Searching over 5,500,000 cases.


searching
Buy This Entire Record For $7.95

Download the entire decision to receive the complete text, official citation,
docket number, dissents and concurrences, and footnotes for this case.

Learn more about what you receive with purchase of this case.

United States v. Oliver

United States District Court, E.D. Virginia, Richmond Division

September 12, 2017

UNITED STATES OF AMERICA
v.
JOHN E. OLIVER Criminal Action

          MEMORANDUM OPINION

          ROBERT E. PAYNE, SENIOR UNITED STATES DISTRICT JUDGE

         John E. Oliver, by counsel, filed this 28 U.S.C. § 2255 Motion seeking relief based upon Johnson v. United States, 135 S.Ct. 2551 (2015). (ECF No. 70.) Specifically, Oliver contends that, in light of Johnson, he was improperly sentenced as an Armed Career Criminal. The Government has responded and agrees with Oliver that his § 2255 Motion should be granted and that the Court should enter an amended judgment reducing his sentence that was based upon the Armed Career Criminal Act ("ACCA"). Oliver agrees that this is the appropriate disposition. (ECF No. 79, at 1.) For the reasons that follow, the § 2255 Motion (ECF No. 70) will be granted and an amended judgment shall issue.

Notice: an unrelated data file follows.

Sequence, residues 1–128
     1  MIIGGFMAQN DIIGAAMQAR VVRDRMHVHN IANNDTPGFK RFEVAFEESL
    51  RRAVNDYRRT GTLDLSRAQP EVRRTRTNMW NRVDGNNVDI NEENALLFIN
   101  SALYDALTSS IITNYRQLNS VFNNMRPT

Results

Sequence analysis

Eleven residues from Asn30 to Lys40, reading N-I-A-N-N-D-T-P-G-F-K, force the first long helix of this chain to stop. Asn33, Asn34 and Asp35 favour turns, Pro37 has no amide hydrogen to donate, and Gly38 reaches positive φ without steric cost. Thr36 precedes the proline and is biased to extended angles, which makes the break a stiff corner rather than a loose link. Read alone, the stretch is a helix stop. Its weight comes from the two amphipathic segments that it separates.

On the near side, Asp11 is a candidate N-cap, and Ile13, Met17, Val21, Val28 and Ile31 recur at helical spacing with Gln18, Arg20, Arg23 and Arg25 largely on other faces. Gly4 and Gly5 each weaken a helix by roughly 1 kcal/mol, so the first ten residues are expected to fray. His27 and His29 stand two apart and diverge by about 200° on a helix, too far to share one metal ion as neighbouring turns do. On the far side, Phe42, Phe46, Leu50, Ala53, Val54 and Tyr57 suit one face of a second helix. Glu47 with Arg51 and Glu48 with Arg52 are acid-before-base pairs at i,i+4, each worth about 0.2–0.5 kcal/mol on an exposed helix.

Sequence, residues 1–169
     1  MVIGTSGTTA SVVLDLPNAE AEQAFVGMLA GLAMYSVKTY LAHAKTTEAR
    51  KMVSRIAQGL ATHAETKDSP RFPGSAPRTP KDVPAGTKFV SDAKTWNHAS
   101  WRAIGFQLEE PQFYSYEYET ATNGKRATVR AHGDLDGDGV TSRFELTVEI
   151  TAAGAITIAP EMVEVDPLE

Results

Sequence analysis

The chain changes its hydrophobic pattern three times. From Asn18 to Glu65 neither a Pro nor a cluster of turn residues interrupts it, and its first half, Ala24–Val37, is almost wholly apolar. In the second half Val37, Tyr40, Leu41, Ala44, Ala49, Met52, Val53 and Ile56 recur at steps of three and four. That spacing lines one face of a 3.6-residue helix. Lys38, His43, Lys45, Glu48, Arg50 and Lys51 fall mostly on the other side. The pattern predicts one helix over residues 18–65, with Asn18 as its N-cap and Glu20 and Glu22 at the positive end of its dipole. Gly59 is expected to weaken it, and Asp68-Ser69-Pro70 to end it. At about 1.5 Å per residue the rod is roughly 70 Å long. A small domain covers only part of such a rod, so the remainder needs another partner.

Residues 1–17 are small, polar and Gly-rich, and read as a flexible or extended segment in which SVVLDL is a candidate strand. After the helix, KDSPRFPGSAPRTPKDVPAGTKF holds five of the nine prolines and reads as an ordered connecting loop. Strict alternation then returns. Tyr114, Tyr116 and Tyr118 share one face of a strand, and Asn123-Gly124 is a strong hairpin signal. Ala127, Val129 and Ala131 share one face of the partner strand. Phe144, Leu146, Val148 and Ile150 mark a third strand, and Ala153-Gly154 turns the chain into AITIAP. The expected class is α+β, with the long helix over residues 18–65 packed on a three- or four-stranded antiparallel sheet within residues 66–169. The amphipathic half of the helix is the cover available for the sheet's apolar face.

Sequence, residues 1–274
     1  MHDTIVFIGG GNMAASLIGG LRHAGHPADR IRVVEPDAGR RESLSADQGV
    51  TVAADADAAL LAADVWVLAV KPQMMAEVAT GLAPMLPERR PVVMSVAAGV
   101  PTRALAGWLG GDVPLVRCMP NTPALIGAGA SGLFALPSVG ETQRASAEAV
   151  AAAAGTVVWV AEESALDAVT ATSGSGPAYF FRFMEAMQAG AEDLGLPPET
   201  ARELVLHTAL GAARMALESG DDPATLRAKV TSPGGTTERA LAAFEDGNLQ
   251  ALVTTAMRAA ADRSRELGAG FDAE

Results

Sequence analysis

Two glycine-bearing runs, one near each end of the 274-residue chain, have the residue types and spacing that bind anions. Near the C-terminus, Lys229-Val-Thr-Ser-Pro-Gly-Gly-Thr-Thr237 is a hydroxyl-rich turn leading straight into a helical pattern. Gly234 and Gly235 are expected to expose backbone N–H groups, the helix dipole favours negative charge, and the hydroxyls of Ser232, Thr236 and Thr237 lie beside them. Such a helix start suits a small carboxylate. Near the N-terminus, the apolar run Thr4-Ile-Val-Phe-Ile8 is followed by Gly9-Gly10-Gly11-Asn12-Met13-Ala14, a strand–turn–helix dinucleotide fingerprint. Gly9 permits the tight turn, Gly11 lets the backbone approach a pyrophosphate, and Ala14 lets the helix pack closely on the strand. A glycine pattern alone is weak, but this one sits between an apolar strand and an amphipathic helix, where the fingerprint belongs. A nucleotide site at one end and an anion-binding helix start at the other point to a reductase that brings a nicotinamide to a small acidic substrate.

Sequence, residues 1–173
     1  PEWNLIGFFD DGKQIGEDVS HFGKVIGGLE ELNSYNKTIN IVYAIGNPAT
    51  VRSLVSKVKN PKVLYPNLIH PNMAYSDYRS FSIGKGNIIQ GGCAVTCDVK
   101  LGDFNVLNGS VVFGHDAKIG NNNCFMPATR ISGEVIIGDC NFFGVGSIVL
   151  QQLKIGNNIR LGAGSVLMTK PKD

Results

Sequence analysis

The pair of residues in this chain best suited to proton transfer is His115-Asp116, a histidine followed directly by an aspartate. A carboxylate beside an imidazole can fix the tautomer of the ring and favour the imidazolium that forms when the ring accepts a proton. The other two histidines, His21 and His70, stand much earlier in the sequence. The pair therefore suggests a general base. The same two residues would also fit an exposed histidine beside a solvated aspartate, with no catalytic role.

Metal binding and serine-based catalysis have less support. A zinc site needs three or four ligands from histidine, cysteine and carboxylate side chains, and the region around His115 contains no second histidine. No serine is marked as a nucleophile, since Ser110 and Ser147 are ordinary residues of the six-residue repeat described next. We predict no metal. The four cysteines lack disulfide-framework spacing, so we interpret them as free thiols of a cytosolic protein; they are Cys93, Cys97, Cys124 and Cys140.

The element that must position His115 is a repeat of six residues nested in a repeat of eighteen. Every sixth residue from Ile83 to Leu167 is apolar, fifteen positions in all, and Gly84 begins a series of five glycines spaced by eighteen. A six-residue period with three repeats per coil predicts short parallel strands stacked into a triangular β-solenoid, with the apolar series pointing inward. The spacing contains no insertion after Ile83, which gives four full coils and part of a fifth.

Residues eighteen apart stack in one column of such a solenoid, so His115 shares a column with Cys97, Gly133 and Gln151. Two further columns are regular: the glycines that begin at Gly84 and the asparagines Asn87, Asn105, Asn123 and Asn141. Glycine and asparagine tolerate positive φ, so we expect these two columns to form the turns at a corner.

After a jury trial, Oliver was convicted of three counts of possession of a firearm by a convicted felon (Counts One, Three, and Four), one count of possession of a firearm with a silencer (Count Seven), one count of possession of a sawed-off shotgun (Count Nine), one count of possession of explosives by a convicted felon (Count Thirteen), and one count of possession of an unregistered firearm (Count Fifteen). (See J. 1-2.) The Court sentenced Oliver to a total term of 294 months of incarceration, comprised of 294 months on each of Counts One, Three, and Four to run concurrently, and 120 months on each of Counts Seven, Nine, Thirteen and Fifteen to run concurrently. (See id. at 3.)